Tuesday, March 15, 2016

Men Who Have Sex with Men in Great Britain: Comparing Methods & Estimates From Probability & Convenience Sample Surveys

To examine sociodemographic and behavioural differences between men who have sex with men (MSM) participating in recent UK convenience surveys and a national probability sample survey.

We compared 148 MSM aged 18-64 years interviewed for Britain's third National Survey of Sexual Attitudes and Lifestyles (Natsal-3) undertaken in 2010-2012, with men in the same age range participating in contemporaneous convenience surveys of MSM: 15 500 British resident men in the European MSM Internet Survey (EMIS); 797 in the London Gay Men's Sexual Health Survey; and 1234 in Scotland's Gay Men's SexualHealth Survey. Analyses compared men reporting at least one male sexual partner (past year) on similarly worded questions and multivariable analyses accounted for sociodemographic differences between the surveys.

MSM in convenience surveys were younger and better educated than MSM in Natsal-3, and a larger proportion identified as gay (85%-95% vs 62%). Partner numbers were higher and same-sex anal sex more common in convenience surveys. Unprotected anal intercourse was more commonly reported in EMIS. Compared with Natsal-3, MSM in convenience surveys were more likely to report gonorrhoea diagnoses and HIVtesting (both past year). Differences between the samples were reduced when restricting analysis to gay-identifying MSM.

National probability surveys better reflect the population of MSM but are limited by their smaller samples of MSM. Convenience surveys recruit larger samples of MSM but tend to over-represent MSM identifying as gay and reporting more sexual risk behaviours. Because both sampling strategies have strengths and weaknesses, methods are needed to triangulate data from probability and convenience surveys.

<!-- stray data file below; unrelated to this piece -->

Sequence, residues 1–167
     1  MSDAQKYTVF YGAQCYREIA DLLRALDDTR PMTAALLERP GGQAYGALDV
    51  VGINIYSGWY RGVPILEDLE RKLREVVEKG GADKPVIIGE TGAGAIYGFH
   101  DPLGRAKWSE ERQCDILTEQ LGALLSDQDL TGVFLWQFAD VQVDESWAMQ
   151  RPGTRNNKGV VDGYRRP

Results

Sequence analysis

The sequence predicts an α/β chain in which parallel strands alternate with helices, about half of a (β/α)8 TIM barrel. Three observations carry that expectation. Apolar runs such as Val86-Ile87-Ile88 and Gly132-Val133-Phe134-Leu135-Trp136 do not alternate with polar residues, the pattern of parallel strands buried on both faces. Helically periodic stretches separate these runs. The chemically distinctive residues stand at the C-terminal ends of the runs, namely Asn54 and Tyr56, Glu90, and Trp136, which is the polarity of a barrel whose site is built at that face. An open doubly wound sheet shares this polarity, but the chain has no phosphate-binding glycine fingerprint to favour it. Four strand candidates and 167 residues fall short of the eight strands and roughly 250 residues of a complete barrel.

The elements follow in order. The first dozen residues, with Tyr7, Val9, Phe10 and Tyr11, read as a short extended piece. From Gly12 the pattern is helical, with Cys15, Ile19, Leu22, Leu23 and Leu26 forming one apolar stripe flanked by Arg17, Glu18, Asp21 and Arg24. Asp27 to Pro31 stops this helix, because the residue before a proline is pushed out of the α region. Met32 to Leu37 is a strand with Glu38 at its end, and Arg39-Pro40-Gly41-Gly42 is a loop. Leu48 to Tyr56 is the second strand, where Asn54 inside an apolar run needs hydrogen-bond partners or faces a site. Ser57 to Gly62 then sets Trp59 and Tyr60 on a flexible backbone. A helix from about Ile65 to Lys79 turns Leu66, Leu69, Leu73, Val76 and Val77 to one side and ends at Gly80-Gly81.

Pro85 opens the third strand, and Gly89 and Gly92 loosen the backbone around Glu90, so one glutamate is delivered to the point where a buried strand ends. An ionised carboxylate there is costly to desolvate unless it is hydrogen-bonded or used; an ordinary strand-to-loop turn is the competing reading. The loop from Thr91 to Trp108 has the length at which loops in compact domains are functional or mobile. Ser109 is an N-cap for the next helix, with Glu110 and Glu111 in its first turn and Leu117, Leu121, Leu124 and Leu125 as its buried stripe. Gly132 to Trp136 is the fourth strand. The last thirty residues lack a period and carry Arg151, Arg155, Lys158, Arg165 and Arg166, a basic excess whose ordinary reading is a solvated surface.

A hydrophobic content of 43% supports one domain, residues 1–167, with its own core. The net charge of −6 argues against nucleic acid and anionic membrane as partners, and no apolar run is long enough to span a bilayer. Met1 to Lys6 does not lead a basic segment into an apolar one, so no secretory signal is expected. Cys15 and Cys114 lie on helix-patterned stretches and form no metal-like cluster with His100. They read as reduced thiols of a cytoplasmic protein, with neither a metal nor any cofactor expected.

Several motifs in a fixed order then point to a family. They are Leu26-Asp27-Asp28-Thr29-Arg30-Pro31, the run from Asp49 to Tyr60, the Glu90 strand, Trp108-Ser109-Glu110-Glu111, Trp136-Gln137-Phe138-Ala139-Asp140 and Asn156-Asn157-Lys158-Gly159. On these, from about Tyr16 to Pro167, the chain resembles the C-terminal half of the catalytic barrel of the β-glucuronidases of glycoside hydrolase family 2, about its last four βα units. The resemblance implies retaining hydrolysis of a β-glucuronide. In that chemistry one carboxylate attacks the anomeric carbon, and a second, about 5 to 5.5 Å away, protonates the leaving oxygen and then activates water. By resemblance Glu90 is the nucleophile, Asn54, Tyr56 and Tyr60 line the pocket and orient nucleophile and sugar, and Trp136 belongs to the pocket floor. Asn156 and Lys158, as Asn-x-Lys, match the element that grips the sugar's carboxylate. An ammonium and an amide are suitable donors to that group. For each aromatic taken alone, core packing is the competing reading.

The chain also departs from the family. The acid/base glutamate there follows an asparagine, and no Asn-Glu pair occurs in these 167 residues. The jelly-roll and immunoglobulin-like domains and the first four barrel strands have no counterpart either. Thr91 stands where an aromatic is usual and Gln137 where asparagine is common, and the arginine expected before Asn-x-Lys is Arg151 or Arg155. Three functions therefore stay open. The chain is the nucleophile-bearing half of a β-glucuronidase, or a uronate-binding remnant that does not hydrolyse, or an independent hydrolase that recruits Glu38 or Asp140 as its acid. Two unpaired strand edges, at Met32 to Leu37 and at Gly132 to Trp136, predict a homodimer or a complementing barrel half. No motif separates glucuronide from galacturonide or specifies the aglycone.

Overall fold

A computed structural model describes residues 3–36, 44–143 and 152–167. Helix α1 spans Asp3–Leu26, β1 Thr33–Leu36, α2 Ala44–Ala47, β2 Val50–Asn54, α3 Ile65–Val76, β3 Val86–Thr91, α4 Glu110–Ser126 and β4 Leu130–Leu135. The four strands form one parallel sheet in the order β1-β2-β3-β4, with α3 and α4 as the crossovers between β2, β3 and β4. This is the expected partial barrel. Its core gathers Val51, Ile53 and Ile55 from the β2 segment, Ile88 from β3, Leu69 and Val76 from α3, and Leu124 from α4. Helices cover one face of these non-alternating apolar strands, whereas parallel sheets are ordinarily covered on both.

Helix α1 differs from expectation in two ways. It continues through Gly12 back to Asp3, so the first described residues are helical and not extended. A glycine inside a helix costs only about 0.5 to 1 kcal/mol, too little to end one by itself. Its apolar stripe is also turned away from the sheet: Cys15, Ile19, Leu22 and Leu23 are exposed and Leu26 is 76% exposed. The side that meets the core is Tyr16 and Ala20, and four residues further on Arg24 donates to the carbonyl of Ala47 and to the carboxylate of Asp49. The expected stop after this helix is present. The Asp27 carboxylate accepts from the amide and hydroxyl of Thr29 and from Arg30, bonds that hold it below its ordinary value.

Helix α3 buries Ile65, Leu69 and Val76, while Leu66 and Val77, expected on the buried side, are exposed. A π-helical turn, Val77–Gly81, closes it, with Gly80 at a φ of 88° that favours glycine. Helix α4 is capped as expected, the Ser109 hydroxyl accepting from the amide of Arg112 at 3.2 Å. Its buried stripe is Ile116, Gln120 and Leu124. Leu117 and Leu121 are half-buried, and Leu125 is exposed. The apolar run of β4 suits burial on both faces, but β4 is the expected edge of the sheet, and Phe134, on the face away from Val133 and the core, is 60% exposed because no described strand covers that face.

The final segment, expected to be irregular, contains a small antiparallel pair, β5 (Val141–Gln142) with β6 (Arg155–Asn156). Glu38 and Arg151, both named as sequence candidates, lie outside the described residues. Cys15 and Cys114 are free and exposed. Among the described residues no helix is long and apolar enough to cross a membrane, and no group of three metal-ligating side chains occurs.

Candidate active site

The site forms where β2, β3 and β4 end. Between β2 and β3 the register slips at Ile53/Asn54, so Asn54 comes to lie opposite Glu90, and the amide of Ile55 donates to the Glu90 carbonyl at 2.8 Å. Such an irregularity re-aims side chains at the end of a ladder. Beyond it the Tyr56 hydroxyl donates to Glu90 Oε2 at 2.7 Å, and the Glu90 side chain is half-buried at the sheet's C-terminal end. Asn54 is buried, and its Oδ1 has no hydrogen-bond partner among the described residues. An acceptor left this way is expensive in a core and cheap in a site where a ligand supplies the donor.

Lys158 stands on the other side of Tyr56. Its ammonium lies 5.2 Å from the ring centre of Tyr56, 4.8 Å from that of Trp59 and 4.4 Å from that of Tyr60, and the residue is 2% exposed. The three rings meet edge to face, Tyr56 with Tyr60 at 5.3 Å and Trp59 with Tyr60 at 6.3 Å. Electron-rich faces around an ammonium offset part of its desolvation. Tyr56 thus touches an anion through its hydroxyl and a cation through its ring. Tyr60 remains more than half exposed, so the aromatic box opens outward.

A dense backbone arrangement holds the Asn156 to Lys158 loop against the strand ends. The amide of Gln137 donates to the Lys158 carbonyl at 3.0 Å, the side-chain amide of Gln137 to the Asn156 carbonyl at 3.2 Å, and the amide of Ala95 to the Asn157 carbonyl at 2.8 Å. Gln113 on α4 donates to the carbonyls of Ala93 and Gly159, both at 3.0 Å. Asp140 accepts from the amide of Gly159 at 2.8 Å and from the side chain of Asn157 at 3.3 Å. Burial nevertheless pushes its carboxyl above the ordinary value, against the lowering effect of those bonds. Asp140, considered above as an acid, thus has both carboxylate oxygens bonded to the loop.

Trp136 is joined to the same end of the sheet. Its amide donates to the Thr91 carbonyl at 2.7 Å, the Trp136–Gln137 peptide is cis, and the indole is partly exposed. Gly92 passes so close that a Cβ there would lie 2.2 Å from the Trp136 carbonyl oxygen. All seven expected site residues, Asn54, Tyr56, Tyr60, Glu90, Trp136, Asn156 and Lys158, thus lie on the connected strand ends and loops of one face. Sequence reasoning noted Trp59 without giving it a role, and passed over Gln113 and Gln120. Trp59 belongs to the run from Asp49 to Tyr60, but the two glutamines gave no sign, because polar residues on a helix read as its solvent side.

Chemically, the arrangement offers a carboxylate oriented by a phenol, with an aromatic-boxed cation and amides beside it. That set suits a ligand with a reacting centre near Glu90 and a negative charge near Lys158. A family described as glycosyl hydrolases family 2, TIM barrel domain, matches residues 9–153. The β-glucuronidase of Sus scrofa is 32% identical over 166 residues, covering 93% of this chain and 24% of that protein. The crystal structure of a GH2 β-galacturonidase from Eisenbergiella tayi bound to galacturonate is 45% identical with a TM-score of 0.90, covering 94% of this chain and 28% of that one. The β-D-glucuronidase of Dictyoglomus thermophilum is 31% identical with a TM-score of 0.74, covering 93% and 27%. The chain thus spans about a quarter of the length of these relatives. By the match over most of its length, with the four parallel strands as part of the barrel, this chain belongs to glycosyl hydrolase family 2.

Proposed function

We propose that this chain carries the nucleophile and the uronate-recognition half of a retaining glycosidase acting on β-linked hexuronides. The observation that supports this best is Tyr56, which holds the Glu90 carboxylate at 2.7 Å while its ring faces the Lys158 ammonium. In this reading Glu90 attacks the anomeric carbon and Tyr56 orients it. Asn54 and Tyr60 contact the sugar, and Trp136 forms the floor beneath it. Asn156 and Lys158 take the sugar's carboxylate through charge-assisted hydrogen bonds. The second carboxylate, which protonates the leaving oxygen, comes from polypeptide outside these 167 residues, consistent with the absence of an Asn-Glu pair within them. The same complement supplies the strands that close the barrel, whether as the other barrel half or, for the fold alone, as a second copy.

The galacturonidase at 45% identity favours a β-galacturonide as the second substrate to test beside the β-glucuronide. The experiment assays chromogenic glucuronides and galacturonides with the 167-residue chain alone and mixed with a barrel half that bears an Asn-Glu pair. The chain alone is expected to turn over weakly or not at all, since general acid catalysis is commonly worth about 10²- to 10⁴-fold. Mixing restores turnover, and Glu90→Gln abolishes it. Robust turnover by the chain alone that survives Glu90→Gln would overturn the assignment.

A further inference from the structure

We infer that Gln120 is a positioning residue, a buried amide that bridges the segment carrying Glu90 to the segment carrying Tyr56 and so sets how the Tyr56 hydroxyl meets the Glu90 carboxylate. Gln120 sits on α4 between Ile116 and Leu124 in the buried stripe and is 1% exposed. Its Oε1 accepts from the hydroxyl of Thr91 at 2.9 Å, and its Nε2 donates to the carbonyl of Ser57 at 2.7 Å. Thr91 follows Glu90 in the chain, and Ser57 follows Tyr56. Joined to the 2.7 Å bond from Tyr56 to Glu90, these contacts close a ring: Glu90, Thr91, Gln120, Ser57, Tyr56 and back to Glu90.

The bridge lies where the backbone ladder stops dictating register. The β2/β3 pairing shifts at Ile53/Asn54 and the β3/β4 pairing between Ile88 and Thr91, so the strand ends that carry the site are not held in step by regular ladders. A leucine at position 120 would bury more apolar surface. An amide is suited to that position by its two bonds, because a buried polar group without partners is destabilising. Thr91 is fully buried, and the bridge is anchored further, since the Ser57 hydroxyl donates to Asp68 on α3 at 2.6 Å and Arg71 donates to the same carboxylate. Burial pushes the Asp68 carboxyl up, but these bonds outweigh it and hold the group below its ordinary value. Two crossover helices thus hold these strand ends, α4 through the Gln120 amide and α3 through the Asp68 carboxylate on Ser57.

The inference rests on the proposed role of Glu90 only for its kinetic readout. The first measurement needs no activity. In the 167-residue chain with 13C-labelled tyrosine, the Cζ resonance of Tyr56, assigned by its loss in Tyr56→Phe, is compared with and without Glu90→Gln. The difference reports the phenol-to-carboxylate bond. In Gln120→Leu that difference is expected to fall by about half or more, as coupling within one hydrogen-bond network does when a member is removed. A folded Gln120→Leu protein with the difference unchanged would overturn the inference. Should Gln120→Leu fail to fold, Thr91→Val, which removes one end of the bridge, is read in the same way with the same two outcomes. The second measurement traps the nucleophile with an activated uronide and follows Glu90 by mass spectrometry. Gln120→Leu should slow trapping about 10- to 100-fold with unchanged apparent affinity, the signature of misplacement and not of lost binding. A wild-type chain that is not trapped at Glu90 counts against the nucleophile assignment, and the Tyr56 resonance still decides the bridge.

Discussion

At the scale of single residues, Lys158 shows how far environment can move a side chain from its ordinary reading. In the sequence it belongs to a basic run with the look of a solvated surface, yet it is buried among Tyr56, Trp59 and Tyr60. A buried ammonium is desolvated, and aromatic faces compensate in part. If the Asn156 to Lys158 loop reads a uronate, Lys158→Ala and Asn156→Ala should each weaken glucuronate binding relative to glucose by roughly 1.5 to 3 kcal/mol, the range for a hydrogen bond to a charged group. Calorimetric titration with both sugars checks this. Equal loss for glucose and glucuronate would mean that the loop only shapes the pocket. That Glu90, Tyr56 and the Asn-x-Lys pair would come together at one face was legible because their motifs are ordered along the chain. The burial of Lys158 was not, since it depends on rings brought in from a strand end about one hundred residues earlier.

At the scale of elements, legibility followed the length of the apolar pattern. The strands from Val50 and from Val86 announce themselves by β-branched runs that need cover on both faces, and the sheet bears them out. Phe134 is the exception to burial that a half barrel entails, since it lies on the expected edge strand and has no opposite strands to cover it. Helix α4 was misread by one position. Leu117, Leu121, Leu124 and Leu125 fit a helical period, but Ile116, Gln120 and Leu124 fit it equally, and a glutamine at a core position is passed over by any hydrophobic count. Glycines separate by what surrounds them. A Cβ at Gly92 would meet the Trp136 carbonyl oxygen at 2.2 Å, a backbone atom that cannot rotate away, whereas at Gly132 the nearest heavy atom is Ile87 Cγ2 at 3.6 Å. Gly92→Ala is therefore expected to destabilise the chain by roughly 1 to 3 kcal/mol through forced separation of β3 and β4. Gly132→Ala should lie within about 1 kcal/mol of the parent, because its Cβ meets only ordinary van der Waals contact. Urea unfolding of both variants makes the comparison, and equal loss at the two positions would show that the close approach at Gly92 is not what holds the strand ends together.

Below:  Demographic characteristics of MSM who identify as gay: Convenience surveys relative to Natsal-3

Full article at: http://goo.gl/kcuLfy

  • 1Research Department of Infection & Population Health, University College London, London, UK.
  • 2Sigma Research, London School of Hygiene & Tropical Medicine, London, UK.
  • 3UCL Institute of Education, London, UK.
  • 4MRC/CSO Social & Public Health Sciences Unit, University of Glasgow, Glasgow, UK.
  • 5HIV/STI Department, Public Health England, London, UK.
  • 6Research Department of Infection & Population Health, University College London, London, UK Department of Health Services Research and Policy, London School of Hygiene & Tropical Medicine, London, UK.
  • 7Department of Social & Environmental Health Research, London School of Hygiene & Tropical Medicine, London, UK. 
  •  2016 Mar 10. pii: sextrans-2015-052389. doi: 10.1136/sextrans-2015-052389. 

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